To influence population dietary consumption of legumes, consumer preferences, drivers and barriers to consumption must be understood [18]. While some consumers are increasingly making the conscious decision to select foods that are sustainably grown and produced [18], Australian consumer data suggests that there are several negating factors preventing increased legume consumption [19]. Barriers to consumption are reported to commonly arise from a lack of culinary knowledge and/or skills, the time (perceived and/or actual) required for preparation, the perception of legumes being inconvenient to prepare and an aversion to the taste and/or texture of legumes [19,20]. This has placed the food industry in a unique position, with the opportunity to enhance population consumption by offering innovative and convenient legume products. A greater understanding of the types of legume products that are available will assist in determining whether legume products can complement overall legume intake by offering additional opportunities for consumption. This study aimed to explore the legume category and compare product numbers and the use of nutrition and health claims between 2019 and 2021.

2. Materials and Methods

A comprehensive audit of commercially available legume products was conducted in February 2019 and 2021 across four major supermarkets within metropolitan Sydney, Australia. The data collection methodology replicated that previously published by Grafenauer et al. (2018) [21] and targeted four retail supermarket chains; Aldi, Coles, Independent Grocers of Australia (IGA) and Woolworths, which together represent 79.2% of the Australian grocery market share. This methodology is consistent with results reported by Figueira et al. (2019) [19], as 95% of surveyed respondents reported to purchase legumes for home use from supermarkets.

2.1. Eligibility and Exclusion Criteria

All legume products were assigned to one of eight categories, as outlined in Table 1 below, including baked beans, legume dips, legume flours, legume snacks, legumes canned, legumes dried, legumes frozen and pulse pasta.
Products excluded from the data collection process were those derived predominantly from peanuts (e.g., peanut butter), as despite botanical classification within the Leguminosae family, this oil-seed legume carries a distinctly different culinary classification to that of other legumes [22]. The exclusion of peanuts parallels the classification of peanuts within the ‘seed and nut’ category, rather than ‘legumes and pulses’, as per the 2011–2012 NNPAS [23]. Legume dips packaged with crackers were captured within the audit, however only the legume-containing component was included in the analysis (n = 13). Combination legume products, for example, canned tuna and beans, mixed frozen peas and corn and ready-made meals containing legumes were deemed to be outside the scope of the current analysis and were therefore excluded from data collection. Legume-containing products marketed as meat alternatives (e.g., plant-based burgers), were also excluded from the data collection process as this category has been reviewed separately [24].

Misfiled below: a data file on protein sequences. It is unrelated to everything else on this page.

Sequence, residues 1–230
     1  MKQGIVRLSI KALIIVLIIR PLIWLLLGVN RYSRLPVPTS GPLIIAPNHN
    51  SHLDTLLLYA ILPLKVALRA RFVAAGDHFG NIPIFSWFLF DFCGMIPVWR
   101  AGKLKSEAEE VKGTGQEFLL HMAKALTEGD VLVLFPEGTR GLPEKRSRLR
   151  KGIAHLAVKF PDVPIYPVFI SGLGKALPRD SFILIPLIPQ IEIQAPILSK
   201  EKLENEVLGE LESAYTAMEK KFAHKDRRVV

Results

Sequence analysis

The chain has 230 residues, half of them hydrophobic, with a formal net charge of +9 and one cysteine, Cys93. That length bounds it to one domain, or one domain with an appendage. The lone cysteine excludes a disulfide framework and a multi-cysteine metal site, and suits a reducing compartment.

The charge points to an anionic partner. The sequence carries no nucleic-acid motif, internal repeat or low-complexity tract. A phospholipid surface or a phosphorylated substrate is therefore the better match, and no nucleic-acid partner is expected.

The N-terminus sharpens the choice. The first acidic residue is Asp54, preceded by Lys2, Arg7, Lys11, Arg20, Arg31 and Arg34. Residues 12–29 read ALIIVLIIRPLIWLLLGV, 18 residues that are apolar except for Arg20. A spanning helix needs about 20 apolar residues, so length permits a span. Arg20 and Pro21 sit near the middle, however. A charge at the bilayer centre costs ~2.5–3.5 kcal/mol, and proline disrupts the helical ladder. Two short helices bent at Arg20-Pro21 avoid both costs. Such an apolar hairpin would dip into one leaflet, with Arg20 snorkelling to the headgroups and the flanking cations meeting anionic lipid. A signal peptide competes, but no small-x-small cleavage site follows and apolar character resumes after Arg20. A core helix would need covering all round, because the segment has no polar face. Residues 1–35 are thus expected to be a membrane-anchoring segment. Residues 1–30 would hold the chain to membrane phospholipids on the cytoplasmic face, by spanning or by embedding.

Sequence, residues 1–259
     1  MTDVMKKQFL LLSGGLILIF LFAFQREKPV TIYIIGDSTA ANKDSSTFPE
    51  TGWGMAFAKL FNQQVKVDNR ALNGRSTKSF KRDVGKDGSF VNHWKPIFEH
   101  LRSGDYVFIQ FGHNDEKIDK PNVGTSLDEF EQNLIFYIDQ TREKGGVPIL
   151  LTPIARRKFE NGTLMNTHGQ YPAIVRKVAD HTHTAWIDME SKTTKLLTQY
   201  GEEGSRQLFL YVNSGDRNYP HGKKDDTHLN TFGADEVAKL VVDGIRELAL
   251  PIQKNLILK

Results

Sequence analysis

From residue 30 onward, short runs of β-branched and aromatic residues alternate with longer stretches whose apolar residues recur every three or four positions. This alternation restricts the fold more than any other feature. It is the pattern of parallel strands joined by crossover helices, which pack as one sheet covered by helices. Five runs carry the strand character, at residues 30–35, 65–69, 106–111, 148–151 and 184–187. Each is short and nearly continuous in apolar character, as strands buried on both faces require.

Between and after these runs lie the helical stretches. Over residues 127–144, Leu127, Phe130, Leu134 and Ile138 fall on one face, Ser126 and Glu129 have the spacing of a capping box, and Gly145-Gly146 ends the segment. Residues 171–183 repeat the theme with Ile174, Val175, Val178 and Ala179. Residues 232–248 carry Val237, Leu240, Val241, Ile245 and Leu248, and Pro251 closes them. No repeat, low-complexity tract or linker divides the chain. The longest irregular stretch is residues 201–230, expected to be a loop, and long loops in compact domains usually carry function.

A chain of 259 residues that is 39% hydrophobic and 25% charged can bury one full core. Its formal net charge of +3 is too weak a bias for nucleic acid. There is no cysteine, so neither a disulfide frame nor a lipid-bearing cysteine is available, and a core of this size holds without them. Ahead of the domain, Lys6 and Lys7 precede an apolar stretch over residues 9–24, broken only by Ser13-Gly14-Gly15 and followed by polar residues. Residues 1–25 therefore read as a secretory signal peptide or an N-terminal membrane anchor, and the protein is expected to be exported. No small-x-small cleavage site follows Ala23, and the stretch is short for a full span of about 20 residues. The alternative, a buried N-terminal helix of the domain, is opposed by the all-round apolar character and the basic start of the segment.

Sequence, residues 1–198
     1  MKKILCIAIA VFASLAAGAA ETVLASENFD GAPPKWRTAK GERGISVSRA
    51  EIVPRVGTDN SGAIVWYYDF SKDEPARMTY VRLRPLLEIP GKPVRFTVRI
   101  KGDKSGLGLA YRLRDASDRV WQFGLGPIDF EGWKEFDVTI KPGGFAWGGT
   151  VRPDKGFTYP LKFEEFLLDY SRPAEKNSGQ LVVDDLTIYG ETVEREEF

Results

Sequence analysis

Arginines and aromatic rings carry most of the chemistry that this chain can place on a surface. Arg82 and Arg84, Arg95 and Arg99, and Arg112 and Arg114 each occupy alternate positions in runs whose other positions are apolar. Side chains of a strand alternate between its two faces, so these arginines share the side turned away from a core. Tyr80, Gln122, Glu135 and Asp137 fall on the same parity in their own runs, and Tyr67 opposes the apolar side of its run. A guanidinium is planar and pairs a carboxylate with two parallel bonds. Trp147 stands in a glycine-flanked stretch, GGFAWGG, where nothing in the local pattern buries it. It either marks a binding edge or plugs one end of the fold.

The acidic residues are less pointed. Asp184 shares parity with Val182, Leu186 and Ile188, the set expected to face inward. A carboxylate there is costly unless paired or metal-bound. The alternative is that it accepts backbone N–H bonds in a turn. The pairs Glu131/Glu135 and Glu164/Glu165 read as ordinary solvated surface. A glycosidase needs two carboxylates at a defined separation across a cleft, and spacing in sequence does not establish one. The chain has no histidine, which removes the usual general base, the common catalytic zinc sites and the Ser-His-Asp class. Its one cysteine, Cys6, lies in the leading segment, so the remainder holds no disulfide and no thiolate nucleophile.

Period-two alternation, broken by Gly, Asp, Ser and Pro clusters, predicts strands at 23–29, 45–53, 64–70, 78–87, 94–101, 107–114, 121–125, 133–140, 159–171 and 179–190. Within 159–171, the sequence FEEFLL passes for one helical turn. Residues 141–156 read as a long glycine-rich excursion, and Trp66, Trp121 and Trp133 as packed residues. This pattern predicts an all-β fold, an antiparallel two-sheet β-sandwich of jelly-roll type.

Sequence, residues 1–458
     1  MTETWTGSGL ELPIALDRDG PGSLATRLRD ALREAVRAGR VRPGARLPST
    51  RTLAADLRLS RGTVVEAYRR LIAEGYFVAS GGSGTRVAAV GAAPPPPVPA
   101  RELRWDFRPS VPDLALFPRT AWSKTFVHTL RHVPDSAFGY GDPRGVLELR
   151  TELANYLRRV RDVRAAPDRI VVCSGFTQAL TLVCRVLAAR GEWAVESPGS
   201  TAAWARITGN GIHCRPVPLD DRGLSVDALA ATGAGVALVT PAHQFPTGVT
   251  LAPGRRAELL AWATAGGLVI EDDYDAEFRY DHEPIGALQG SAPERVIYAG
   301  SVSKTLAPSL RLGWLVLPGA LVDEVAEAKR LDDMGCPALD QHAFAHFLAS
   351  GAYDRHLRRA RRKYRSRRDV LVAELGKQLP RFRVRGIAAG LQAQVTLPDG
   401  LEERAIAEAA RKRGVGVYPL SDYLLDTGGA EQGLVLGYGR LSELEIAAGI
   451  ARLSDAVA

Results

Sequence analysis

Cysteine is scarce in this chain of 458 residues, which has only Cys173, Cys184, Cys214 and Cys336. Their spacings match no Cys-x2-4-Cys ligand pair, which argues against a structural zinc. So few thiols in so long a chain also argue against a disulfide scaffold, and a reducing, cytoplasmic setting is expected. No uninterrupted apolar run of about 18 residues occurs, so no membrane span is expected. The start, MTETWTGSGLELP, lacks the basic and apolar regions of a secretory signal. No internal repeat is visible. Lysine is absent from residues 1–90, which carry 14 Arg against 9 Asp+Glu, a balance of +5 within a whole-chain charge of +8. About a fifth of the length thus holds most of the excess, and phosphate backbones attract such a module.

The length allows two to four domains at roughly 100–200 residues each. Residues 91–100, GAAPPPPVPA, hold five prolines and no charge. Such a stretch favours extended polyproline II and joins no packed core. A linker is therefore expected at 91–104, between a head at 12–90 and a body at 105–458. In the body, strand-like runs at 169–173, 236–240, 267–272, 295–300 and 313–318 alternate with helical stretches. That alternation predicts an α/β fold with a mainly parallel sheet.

2.2. Ethics Approval

This study was exempt from requiring ethics approval given the analysis focused solely on food products; however, permission for data collection in-store was obtained from supermarket store managers.

2.3. Data Collection and Analysis

Smartphones were used to photograph the following information for each product: Ingredient list, Nutrition Information Panel (NIP), health and nutrition-related claims and Health Star Rating (HSR). A data extraction form was created in Microsoft® Excel (Redmond, WA, USA), where the data (collected in both 2019 and 2021) was transcribed from photographs and collated for analysis according to the product category classifications outlined in Table 1. Data was confirmed by a second, independent reviewer to identify and amend inconsistencies or errors and cross-checked via the Mintel New Product Data Base. In addition to the in-store audit, a supplementary internet search was conducted via retailer websites and websites of manufacturers that were identified during in-store data collection. Although several products were available in numerous supermarket chains, each product was only recorded once, and data was screened to remove duplicates.
The Food Standards Australia New Zealand (FSANZ) Nutrient Profiling Scoring Criterion (NPSC) was calculated for all products identified in the 2021 data set. The NPSC is a nutrient profiling method used to determine whether a food is eligible to carry general-level and high-level health claims, based on its nutrient profile [25]. The NPSC algorithm considers both positive nutrients/food components (e.g., dietary fibre, protein, fruit, vegetable, nut and legume content) and risk nutrients (e.g., energy, sugar, sodium and saturated fat). For products outlined in Table 1, the final NPSC score must be less than four.
On-pack claims were classified as either nutrition content, general-level health claims or high-level health claims as per Standard 1.2.7 of the Australia New Zealand Food Standards Code (FSC) [26]. Other claims not covered by Standard 1.2.7 were also recorded (e.g., suitable for vegetarians/vegans, no artificial colours, flavours or preservatives). Data collected in 2021 was also assessed for eligibility to make nutrition content claims, in line with Standard 1.2.7 of the FSC. Australian labelling requirements do not require dietary fibre to be declared in the NIP unless a relevant on-pack nutrition content claim has been made [26]. Products that did not declare the dietary fibre content on the pack, were excluded from the dietary fibre claim eligibility calculation as to not skew the data and provide a misleading representation of the categories.